Bring on the comments

  1. kelvingreen says:

    poor Namor gets very little to do in this story other than go nuts on the thinnest of plot pretexts, and smash things up a bit
    In all fairness, that’s every Namor story since 1939.

  2. alex says:

    For some reason, I had a brain fart and was expecting today’s books.

  3. Tom says:

    Wouldn’t the .1 issues make for great content as a free back up?

  4. Mika says:

    I’m really enjoying X-23, despite the moping. Hell, probably because of the moping. It has a handle on the characters better than most, I guess. And I quite like the fact that it isn’t really about much, other than characters moping at each other.

  5. Andy says:

    Back in issue #10 of this X-Factor volume, Layla mentioned that she rarely ever knows anything about Guido. I wonder if (a) that is still a problem for her, and (b) if Layla’s current actions have something to do with that?

  6. Dave says:

    Have I missed something about how Layla still ‘knows stuff’? Her adult self gave her child self an infodump, so now she’s at (just past) that adult age and has done the infodump, shouldn’t she have no further advance knowledge?

  7. Andy says:

    Layla’s knowledge wasn’t necessarily limited to what she had personally experienced prior to the infodump. She could have researched some larger events while she was in the future. And her present, post-infodump self could arrange to store personal memories somewhere for her past, pre-infodump self to find (in the future). Confused yet? Yes, it’s a lot of closed timelike curve shenanigans, but so was the infodump in the first place.

    While none of the mechanics have been discussed on-panel, Layla has definitely continued to “know stuff” since issue 200, such as the conversation she and Longshot had in issues 200-201.

  8. lambnesio says:

    Peter David has basically said in interviews that he may never reveal exactly how Layla Miller “knows stuff.”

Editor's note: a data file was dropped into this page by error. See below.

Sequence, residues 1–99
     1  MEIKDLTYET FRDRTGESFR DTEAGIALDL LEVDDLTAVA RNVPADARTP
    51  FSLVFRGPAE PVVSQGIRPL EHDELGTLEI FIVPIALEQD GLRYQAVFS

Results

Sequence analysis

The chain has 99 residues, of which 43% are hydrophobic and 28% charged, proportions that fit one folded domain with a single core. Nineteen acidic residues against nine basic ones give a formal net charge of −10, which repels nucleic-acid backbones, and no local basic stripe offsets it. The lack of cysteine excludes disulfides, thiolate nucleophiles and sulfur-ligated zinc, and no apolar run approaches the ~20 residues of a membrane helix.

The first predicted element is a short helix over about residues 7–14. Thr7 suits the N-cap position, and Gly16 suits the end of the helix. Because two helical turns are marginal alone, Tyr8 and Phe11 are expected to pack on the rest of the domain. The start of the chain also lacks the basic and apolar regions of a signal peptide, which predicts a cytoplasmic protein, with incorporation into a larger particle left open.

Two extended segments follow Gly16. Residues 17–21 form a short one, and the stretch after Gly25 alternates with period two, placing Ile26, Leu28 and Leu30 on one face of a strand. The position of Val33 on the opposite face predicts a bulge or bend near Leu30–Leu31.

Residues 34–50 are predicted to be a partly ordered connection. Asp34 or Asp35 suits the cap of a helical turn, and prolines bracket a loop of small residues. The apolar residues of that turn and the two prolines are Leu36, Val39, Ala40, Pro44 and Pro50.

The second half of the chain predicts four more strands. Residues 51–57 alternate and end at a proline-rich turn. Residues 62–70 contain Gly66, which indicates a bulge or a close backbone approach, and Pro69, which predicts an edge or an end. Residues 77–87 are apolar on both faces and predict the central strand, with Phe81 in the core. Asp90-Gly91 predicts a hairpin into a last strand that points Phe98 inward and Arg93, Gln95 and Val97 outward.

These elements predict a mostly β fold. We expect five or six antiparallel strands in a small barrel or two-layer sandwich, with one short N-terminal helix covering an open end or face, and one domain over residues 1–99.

9. moose n squirrel says:

    there’s an unborn mutant baby with mind control powers, and he doesn’t want to come out

    Wasn’t this the story with Haven, the X-Factor villain from J.M. DeMatteis’s run?

    Between Prelude to Schism, X-Men Legacy, and last month’s “Wolverine kills a random geriatric Nazi” issue of X-Force, they sure have been laying on the Holocaust stuff with Magneto, haven’t they? Nothing that’s been done with the character post-Morrison has convinced me that Magneto ever needed to be resurrected.

    Peter David isn’t going to “reveal” exactly how Layla Miller “knows stuff” because Peter David’s making it up as he goes along. That’s fine, as far as it goes, as long as what he makes up remains relatively internally consistent – but I stopped paying attention a while ago, and I’m not sure that it does anymore.

  10. errant says:

    Magneto had to be resurrected, just so that he wouldn’t go down as the complete abomination of a character that Morrisson turned him into.

    Otherwise, yeah, there hasn’t been much point. Potential, sure. But it’s always been railroaded by stupid shit like House of M or the interesting moments don’t get followed up on.

  11. Jacob says:

    Don’t you mean the complete monster of a character that SUBLIME turned him into?

    I’m not a total Morrison apologist but too many people neglect that Magneto was being controlled by Sublime when he was crazy evil. Before that he was shown to be a better teacher than Prof X through his tutoring the special class. Throw in Kid Omegas use of Magneto as more effective as symbol than person and yeah good final arc for Magneto.

  12. Valhallahan says:

    I thought Astonishing was meant to be big name creators doing big, accessible stories. Christos Gage and Juan Bobillo? Not exactly A list. Also I hate Brood stories, I’m sick of them in the Claremont 80s books I’m reading in collections and that was when they were new, so I’ll be skipping that.

    I was going to get Schism, but I can’t bear Jenkins, so I’ve skipped that too. Guess I wont be getting back into current X Men this year then.

    God that was all a bit negative.

  13. Jack says: